National Women’s History Month



By Kit-Bacon Gressitt

National Women’s History Month is upon us. Again. Every March, it has been, since Congress made it so in 1987.

Frankly, I wish we were over and done with it. I wish I could be over and done with Women’s History Month, but I cannot. Because the women in my life — two-thirds of my siblings, half of my friends, all of my maternal unit and my most precious and only offspring — and all the women far beyond my life, exist in a world still dominated by male leaders whose decisions are, well, lacking to say the least. Even a superficial skim of the last decade — the last week! — reveals some stunningly low-hanging idiots.

From Osama Bin Laden’s schizophrenic decision to conquer the infidels by flying planes into symbolic buildings full of people to George W. Bush’s decision to punish Saddam Hussein for deciding to dis George’s daddy to the Taliban’s decision to maim and murder Afghan girls for attending school to presidential wannabe John Edwards’ decision to repeatedly lie to the entire world about his fruitful extramarital affair to Vladimir Putin’s decision to add his prime ministerial whine to Russian skater Yevgeny Plushenko’s ungracious failure to win Olympic gold to Libyan leader Muammar Qaddafi’s decision to declare a jihad against Switzerland for banning the building of minarets to the primary advocates of the ban who decided a bigoted national ballot initiative would take care of scary Muslims to AIG CEO Robert Benmosche’s decision to let it slip to the Securities and Exchange Commission that AIG might need more bailout bucks; idiots, every single male one of them.

Of course, women make bad decisions, too. But wouldn’t it be interesting to see what errors women make were we to demand access to the same decision-making powers men have enjoyed since priestesses fell out of favor. But we don’t, and therein lies the problem.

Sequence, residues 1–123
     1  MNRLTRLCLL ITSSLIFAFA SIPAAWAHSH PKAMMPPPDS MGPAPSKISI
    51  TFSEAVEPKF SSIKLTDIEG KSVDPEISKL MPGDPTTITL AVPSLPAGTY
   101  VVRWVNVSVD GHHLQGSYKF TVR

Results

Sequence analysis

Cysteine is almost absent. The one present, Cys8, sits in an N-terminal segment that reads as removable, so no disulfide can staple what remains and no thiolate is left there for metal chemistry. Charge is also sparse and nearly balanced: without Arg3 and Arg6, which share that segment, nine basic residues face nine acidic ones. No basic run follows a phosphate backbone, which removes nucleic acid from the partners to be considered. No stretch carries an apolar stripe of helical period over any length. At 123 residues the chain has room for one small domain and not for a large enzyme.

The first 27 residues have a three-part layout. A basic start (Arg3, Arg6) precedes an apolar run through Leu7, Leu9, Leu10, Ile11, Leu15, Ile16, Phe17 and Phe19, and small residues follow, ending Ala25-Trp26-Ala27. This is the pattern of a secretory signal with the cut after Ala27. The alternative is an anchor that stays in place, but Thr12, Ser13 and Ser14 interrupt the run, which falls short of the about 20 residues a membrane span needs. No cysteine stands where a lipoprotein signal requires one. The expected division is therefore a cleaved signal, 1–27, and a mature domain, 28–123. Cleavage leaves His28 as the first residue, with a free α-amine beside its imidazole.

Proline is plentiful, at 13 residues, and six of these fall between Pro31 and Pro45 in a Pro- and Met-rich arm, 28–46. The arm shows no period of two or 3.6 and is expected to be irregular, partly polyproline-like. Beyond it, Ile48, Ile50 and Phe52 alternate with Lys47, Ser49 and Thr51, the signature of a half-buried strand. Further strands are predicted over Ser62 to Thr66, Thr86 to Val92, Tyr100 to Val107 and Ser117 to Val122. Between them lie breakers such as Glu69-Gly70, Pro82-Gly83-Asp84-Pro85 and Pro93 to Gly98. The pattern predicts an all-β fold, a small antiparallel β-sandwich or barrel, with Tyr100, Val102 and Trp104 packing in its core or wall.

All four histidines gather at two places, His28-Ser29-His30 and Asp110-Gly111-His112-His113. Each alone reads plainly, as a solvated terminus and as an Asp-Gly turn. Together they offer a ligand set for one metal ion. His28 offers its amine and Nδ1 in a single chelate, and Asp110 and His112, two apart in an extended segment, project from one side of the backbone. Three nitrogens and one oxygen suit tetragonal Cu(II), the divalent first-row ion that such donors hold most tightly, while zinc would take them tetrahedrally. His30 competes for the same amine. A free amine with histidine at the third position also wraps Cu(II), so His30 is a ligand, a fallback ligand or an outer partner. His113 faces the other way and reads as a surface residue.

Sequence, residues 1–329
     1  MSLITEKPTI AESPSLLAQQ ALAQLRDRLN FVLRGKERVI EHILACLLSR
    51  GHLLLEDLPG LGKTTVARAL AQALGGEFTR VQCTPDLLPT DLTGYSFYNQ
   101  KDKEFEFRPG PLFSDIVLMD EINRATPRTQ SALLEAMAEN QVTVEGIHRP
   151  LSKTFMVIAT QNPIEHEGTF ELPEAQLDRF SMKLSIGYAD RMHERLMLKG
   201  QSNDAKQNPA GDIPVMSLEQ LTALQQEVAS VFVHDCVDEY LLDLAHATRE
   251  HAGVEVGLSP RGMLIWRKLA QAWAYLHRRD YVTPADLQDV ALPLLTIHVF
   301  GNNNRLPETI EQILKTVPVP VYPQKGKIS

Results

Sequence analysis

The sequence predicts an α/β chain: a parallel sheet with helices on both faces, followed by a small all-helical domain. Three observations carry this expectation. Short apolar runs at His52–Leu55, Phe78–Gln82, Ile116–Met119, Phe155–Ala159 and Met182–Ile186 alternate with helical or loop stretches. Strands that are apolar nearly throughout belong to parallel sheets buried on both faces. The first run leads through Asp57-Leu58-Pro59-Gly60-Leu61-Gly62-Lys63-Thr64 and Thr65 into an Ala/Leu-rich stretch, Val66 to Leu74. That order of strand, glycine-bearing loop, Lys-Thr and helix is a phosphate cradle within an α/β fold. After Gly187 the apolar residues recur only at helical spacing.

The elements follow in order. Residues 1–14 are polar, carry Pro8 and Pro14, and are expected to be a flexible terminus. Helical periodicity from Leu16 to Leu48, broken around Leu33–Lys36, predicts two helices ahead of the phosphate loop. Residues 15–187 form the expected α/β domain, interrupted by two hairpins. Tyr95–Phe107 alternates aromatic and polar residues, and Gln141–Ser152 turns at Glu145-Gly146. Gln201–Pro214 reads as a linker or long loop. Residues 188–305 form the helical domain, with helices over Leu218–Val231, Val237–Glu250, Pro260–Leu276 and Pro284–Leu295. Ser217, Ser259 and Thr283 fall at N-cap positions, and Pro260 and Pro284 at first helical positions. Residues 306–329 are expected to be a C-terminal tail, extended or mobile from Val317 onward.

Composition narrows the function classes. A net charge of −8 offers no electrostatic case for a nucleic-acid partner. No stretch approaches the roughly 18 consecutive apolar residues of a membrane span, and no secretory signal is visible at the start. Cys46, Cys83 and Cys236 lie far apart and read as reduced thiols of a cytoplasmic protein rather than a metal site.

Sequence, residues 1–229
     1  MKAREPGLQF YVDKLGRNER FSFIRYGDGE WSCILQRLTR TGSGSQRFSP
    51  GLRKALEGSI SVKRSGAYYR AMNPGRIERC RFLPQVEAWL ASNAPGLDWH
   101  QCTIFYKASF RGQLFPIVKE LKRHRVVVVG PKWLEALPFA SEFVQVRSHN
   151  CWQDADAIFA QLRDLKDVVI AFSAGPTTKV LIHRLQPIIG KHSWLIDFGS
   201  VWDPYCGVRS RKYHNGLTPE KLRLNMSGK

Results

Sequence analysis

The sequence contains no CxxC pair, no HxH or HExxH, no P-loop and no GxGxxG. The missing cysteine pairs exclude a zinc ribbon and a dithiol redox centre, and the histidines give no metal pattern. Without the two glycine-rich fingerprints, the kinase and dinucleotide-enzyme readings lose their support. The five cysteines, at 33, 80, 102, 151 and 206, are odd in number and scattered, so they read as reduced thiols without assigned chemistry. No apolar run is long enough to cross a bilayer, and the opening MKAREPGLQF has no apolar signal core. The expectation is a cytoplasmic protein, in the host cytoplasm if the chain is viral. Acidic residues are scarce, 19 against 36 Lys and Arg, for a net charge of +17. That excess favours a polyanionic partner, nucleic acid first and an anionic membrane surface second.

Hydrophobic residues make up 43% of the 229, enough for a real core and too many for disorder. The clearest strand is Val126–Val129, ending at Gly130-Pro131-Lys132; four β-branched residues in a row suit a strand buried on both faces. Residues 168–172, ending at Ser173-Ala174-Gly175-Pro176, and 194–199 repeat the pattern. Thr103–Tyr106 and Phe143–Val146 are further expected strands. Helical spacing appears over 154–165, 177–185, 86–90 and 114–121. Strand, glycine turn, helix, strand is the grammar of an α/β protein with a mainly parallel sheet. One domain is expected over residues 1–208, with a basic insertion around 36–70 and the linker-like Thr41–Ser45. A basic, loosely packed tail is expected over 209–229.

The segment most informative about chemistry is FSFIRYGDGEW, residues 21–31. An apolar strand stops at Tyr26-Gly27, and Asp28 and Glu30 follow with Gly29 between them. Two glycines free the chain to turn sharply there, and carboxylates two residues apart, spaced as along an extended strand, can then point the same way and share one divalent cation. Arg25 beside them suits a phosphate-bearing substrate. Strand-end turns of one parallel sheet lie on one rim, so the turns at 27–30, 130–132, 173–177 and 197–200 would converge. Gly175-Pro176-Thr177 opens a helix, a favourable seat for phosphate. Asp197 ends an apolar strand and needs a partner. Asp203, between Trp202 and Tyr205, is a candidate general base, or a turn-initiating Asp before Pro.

In a nation where the published history of women is so sparse as to require special curricular materials and a designated month during which schools might choose to teach women’s accomplishments and influences, women are not up in arms en masse demanding equal anything. In fact, that women’s history is recognized with a token month is testament to the inclination of too many of us to quietly acquiesce to the token nature of the positions we hold in our textbooks, our politics, our boardrooms and our religions. Even in our families, where it is sometimes worse: I think of the men I know who treat women like nothing more than warm watermelons — and who have fathered daughters. What, oh what, are they teaching their girls? Can they possibly believe their daughters are not privy to the misogyny they spew into the world?

My own daughter is a multi-ethnic creature of olive skin, wildly spiraled hair and black eyes that shift from playful adoration to demonic fire in the flash of a mood swing. She is an amalgam of the women who came before her and those who influence her today. She is the unconventional grandmother wordsmith who deflects life’s frustrations with naughty limericks; the brilliant teacher cum older sister who reads a fabulous future in my daughter’s stars; the Puerto Rican abuela who wrapped fitful fingers around the heartbroken prayer beads of a forsaking God; the mother of ignorance who ignites at the sight of books she’s too frightened to read; the persistent smile of youth staring from obituaries and imagined in heaven taking a happy toke; the girlfriends who love her even when she first wakes up and when she’s down; the domineering Southern Baptist matriarch who went to her properly understated grave firing foreign epithets dredged from an exotic adolescence; the anxious mother who rails at the thought of her daughter thwarted for her gender, stymied by an idiot male-centric system simply by virtue of her body parts.

From these women, my daughter will glean all she is able, the vast and colorful textures of the women whose paths led to hers — and the men who’ve unselfishly loved her. And whom she ends up will perhaps be celebrated during National Women’s History Month in years to come, although that would indeed be sorrowful.

Far better that my daughter — our daughters — would be recognized year-round in standard issue textbooks.

©2010 Kit-Bacon Gressitt